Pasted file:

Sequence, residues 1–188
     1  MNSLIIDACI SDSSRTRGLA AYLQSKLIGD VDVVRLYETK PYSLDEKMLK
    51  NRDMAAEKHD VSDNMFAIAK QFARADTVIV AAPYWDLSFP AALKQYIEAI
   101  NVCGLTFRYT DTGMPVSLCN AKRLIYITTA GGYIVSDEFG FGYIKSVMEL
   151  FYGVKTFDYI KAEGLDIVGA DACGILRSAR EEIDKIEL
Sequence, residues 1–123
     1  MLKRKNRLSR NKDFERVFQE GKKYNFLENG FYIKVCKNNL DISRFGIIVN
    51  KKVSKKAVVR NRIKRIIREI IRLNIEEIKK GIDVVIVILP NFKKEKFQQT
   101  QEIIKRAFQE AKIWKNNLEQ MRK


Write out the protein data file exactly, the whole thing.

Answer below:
Sequence, residues 1–188
     1  MNSLIIDACI SDSSRTRGLA AYLQSKLIGD VDVVRLYETK PYSLDEKMLK
    51  NRDMAAEKHD VSDNMFAIAK QFARADTVIV AAPYWDLSFP AALKQYIEAI
   101  NVCGLTFRYT DTGMPVSLCN AKRLIYITTA GGYIVSDEFG FGYIKSVMEL
   151  FYGVKTFDYI KAEGLDIVGA DACGILRSAR EEIDKIEL
Sequence, residues 1–123
     1  MLKRKNRLSR NKDFERVFQE GKKYNFLENG FYIKVCKNNL DISRFGIIVN
    51  KKVSKKAVVR NRIKRIIREI IRLNIEEIKK GIDVVIVILP NFKKEKFQQT
   101  QEIIKRAFQE AKIWKNNLEQ MRK